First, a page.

I just finished reading this wonderful book, which is funny, because I don’t generally read books anymore. Between the demands of kids, career, and household management, I find that I have less time than ever for pleasure reading beyond the occasional New Yorker length article. But my neighbor (she of the wonderful pasta party) asked if I had heard about the Beekman Boys (I had), and absolutely insisted that I read Josh Kilmer-Purcell’s book, The Bucolic Plague. It’s possibly the best title for a book ever, and it came with a ringing endorsement, so how could I resist?
It is a really fun book. Josh has a witty and charming voice, and certainly does a good job of selling folks on his first book, I Am Not Myself These Days: A Memoir, which I now also need to read. He’s from Wisconsin (not far from where I graduated high school), and somehow managed to launch himself into the worlds of drag shows, advertising, and farming in rather quick succession. The Bucolic Plague introduces you to Josh’s farming life with his partner Brent, while I Am Not Myself is about Josh’s drag days. One presumes that the advertising career in the middle would make a less compelling narrative.
After reading the book, I am now officially have a bad case of Beekmania. (Do not be surprised if those of you on my Christmas list get soaps from me this year.) I am in love with the farm and their extraordinary efforts to breathe life into it. I also adore the goats, which entertained my son via live cam for a good quarter hour Sunday morning. Their site makes me long for seasons, canning, and fireplaces again.
The book made me think a lot about freedom. As Josh ticked off the list of events and activities that he and Brent partook in, I couldn’t help but feel bound more than ever by the requirements of the two young ones. Sure, we could take the train every weekend, and arrive at our destination well past any reasonable bedtimes, but we would do so at our own peril. There is no quick stop in at the local restaurant for a drink, no holiday parties that end in hangovers, no working as late as you please (or have to), and certainly no unattended time near fires, stoves, or animals with the very wee ones unless you are unusually tolerant of exhaustion and pain. Kids tie you down.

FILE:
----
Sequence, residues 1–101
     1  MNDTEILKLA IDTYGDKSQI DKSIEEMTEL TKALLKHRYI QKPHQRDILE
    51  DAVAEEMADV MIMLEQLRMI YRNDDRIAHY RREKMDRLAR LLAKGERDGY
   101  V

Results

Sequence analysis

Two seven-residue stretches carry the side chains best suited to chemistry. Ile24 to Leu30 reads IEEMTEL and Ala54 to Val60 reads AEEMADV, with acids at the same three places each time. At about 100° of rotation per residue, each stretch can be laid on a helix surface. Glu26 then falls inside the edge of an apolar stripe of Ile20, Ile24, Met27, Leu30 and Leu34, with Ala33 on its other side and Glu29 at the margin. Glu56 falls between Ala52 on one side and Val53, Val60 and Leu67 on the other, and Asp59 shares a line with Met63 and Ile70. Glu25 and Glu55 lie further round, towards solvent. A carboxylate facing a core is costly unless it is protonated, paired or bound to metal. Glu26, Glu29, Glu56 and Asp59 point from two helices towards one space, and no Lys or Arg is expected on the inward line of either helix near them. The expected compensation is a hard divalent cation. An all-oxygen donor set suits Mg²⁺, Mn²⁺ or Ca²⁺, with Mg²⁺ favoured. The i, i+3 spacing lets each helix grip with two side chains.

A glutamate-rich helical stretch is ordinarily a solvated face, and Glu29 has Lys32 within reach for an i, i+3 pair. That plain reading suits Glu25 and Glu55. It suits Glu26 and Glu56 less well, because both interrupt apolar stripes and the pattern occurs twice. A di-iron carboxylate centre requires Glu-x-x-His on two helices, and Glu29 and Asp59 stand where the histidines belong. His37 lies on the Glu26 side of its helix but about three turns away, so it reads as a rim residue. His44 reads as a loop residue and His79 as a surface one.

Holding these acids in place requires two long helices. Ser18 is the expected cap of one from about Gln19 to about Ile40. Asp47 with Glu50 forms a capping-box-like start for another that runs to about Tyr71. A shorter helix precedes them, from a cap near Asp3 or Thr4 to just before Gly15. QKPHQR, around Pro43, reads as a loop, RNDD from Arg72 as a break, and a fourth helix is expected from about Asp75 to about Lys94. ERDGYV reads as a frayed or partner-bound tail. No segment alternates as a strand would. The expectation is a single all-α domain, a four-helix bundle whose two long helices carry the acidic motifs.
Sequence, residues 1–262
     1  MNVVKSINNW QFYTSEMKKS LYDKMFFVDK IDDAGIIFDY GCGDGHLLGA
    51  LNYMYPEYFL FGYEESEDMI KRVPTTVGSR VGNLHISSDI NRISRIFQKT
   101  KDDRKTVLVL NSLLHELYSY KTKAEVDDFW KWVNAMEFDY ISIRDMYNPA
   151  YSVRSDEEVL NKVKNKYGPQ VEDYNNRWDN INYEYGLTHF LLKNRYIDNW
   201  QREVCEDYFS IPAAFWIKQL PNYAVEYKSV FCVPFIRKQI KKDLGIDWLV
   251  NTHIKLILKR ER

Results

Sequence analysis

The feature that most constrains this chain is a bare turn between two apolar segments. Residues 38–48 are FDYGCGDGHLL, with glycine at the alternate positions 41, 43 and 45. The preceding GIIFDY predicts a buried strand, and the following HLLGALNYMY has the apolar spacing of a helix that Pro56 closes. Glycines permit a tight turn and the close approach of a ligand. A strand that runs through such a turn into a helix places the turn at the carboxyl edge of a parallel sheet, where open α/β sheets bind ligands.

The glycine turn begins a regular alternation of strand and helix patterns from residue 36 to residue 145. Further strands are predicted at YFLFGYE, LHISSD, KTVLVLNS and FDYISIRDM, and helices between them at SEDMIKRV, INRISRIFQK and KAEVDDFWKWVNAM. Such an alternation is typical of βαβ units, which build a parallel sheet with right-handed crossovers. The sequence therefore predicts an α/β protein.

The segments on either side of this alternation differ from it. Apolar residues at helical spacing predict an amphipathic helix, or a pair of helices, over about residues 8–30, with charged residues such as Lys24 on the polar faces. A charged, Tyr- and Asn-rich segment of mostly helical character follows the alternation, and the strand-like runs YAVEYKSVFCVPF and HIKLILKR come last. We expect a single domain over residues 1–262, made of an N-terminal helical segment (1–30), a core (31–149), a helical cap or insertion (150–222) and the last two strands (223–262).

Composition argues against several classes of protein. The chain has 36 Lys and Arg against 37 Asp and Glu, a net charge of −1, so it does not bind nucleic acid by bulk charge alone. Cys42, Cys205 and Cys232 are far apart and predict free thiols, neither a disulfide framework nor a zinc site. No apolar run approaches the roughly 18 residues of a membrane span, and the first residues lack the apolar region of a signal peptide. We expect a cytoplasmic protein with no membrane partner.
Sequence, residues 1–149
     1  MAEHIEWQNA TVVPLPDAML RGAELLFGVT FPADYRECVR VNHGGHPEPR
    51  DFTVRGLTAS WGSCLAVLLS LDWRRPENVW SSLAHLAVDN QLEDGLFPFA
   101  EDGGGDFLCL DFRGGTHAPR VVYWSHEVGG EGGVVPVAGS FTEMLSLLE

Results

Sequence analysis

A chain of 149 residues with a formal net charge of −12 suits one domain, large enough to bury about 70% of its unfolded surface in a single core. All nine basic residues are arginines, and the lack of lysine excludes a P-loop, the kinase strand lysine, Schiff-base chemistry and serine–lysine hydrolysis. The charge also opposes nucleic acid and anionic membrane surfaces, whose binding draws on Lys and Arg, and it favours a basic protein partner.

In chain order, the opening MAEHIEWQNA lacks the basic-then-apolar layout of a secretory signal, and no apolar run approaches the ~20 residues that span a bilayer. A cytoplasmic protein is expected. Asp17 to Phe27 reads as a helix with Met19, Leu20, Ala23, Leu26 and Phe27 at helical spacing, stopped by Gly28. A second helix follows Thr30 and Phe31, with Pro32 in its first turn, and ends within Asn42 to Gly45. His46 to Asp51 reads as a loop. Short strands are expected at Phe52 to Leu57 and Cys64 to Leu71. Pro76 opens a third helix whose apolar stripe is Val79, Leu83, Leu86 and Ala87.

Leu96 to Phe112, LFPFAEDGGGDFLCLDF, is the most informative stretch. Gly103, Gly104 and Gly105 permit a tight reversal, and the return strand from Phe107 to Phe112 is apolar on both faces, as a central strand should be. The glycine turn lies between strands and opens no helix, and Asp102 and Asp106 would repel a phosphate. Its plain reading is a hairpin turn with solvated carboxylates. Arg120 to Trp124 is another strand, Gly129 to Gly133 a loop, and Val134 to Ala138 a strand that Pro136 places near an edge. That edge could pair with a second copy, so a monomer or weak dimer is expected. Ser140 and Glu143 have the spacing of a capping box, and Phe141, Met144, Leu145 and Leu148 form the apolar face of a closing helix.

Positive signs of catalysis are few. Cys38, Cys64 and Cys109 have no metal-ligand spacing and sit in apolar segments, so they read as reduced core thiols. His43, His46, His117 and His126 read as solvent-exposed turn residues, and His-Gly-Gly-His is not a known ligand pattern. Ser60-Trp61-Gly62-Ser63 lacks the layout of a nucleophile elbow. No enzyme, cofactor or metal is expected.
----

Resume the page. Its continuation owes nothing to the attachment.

That said, almost nothing ties you down more than a farm, particularly one with a big mortgage attached. The ritual is seasonal rather than daily, but no less demanding in its need for attention and care. And the book reads a bit like the adjustment to parenthood. Josh and Brent birthed a business and a working farm, and their struggle to keep it all together through challenges is universal.
My only complaint about the book is that when Dr. Brent M.D. loses his job at Martha Stewart Living Omnimedia he is just jobless. I would imagine that being a M.D. (and moreover, a geriatric specialist) means that one can dig up some paying work almost anywhere. One wonders why he doesn’t try to take a few shifts at the local hospital in between canning sessions? Presumably there is some reason, but we never learn what it might be.
I do have another complaint, actually – their pictures, their website, their design aesthetic is perfect. I confess that I am a wee bit jealous! I struggle to get halfway decent pictures for my site, while theirs could have been staged by Martha herself. As much as I would like to resist the internal desire to perfect absolutely everything, I can’t help but be seduced by the idyllic images.
Also? I note that they wholesale to Anthropologie, proving yet again that the buyers at Anthro know exactly my taste, better than even I do.